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Is sponsorship really trustworthy?

by Feed the 5,000 | 06.02.2011 | No comments | Posted in General, Sponsorship, Stories, Video

The idea of sponsoring needy children around the world is a compelling one, but many people wonder – do my dollars really go to help my sponsored child? Does it really make a difference in their life, or is this just a clever marketing ploy?

It’s an important question. One that deserves a good answer.

Shaun Groves was asked that very question and recently blogged his personal experience with Compassion International, which we’ve excerpted below – you can read the full version at his blog.

A Magic Trick For Kristen

[...] On my first trip overseas, way back in 2005, I boarded a plane to El Salvador to see if Compassion could really be trusted. I suspected they were a scam. I just had to figure out what that scam was. So when I visited a Compassion child development center in San Salvador, I asked a worker there if I could look inside a file cabinet. I expected her to ask a superior for permission, or ask me why, or get angry even. But instead she opened it.

I pulled out a random folder. It contained every record for one sponsored child cared for there. The worker explained what I was looking at, patiently wading through medical charts and report cards and financials. I walked away convinced. My CPA wife and I were so convinced that we drastically changed the way our family lives so that we could help more children live.

This afternoon, at a child development center in the Philippines, after telling that story, I opened a file cabinet.

I pulled out a file randomly. It contained all the financial records for the center for a given month. I flipped to a random page. It was a list of children’s names – children whose sponsors had given extra money that month so that their sponsored child could receive a birthday present. This was money above and beyond their monthly sponsorship of $38.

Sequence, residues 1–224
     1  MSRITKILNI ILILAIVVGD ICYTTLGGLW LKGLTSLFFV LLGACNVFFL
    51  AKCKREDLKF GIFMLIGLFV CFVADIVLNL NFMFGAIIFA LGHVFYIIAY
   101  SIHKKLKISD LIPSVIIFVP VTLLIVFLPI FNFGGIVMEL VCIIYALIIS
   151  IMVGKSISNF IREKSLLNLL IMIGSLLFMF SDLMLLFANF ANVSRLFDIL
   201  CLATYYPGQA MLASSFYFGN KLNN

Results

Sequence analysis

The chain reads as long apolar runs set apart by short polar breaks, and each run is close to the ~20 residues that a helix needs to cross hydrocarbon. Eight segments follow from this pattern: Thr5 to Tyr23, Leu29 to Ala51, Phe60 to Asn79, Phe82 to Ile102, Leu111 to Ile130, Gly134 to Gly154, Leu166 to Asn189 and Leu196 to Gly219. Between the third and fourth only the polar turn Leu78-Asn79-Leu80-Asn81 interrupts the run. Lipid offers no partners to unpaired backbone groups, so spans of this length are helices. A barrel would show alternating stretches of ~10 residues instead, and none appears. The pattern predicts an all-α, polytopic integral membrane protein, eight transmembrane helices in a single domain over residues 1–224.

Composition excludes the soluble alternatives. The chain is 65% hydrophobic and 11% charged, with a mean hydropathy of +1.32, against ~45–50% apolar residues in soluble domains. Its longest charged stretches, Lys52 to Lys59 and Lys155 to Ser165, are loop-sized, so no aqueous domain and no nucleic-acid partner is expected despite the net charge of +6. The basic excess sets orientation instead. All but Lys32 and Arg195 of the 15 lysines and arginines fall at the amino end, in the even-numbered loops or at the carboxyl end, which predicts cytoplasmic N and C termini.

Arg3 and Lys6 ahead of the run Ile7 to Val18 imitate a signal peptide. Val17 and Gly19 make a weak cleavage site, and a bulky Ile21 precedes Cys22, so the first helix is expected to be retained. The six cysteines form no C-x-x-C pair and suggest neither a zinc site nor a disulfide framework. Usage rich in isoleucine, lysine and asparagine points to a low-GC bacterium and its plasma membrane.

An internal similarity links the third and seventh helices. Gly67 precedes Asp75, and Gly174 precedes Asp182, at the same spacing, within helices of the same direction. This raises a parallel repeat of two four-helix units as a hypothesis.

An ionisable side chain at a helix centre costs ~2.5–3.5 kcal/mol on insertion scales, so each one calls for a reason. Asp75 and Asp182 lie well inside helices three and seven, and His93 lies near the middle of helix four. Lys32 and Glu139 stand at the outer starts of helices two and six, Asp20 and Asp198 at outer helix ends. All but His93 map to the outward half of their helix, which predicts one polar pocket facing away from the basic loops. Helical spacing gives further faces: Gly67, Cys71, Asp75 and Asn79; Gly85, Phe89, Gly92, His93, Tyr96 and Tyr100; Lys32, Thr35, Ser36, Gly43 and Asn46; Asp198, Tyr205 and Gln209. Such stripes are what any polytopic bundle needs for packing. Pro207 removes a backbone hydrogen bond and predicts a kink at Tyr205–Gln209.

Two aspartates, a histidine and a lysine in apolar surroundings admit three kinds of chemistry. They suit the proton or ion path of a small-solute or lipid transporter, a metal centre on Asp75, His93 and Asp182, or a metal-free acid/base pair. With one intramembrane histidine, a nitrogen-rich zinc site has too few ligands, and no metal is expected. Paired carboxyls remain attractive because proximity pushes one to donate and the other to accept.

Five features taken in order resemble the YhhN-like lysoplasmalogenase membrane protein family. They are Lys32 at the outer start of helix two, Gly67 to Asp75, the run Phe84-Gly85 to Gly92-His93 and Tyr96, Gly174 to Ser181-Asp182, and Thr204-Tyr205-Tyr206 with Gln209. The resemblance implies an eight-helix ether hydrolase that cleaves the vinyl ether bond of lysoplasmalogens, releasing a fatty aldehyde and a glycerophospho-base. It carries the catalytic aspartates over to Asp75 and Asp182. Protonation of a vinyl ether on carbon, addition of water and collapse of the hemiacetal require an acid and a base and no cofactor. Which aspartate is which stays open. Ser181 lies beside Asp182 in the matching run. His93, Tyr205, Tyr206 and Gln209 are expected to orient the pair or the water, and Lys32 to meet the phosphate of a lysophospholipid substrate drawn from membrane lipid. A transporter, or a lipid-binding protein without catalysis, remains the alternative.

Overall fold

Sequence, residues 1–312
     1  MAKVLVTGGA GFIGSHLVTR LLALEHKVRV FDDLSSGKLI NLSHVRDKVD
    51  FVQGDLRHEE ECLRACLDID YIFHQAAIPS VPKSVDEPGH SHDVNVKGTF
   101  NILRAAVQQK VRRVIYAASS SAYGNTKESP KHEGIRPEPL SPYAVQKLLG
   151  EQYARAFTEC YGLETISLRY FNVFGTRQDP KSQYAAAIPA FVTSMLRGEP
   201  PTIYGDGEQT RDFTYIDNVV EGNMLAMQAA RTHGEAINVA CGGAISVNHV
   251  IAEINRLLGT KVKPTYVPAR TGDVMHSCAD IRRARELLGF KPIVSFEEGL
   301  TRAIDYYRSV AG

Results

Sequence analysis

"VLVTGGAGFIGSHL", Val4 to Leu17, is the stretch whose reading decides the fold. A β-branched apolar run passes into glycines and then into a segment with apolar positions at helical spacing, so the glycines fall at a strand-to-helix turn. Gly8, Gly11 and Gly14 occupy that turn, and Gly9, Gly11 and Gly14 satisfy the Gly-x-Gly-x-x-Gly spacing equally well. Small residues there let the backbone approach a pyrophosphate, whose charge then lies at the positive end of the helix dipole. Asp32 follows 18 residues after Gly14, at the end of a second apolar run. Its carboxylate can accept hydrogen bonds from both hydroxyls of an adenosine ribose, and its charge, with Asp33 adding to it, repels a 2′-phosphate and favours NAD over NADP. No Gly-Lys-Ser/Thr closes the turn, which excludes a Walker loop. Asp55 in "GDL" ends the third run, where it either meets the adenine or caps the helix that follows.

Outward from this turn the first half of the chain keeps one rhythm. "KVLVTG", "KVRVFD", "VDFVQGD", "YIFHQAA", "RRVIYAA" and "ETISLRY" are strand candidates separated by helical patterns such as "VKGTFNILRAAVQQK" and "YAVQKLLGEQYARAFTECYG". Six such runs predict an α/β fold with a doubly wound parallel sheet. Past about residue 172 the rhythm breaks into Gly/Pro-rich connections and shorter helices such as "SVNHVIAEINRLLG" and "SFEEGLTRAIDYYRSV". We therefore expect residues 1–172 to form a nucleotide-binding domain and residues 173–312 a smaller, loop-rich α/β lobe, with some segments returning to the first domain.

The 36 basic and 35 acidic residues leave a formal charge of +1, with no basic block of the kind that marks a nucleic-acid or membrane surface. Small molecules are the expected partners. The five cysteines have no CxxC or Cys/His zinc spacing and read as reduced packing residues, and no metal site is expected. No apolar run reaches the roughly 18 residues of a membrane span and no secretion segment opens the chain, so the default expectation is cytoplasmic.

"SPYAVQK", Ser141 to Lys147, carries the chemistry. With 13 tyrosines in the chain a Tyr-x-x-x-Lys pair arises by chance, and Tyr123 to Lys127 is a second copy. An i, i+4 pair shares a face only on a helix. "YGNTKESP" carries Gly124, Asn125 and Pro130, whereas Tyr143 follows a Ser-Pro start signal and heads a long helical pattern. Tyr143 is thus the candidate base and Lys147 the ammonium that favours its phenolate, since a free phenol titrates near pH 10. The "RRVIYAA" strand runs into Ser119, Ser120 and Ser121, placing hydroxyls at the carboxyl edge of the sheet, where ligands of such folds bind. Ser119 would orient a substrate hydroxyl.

I picked a name randomly. The first one. “Precious.”

Now, when extra money is given by a sponsor for a birthday present, the social worker in the child development center works with the child’s family to buy something the child needs or wants. That purchase is supposed to be documented so that the child development center can prove to internal and external auditors that the birthday money didn’t buy a staff member a new dress instead.

“Can you show me the receipt to prove how this birthday money was spent?” I asked the bookkeeper?

Read the rest of the story and the SURPRISE ending at Shaun’s blog.

The five organizations highlighted for Feed the 5,000 were chosen specifically because of their reputations for good stewardship, experience in the field, connection to newlife, and above all, a focus on carrying out the mission of Jesus.

newlife pastor Wes Davis had the same skeptical attitude towards child sponsorship. Then he joined Compassion in Kenya and had the same life-changing experience that Shaun and so many others have had. Watch a video of Wes’ trip and see for yourself:

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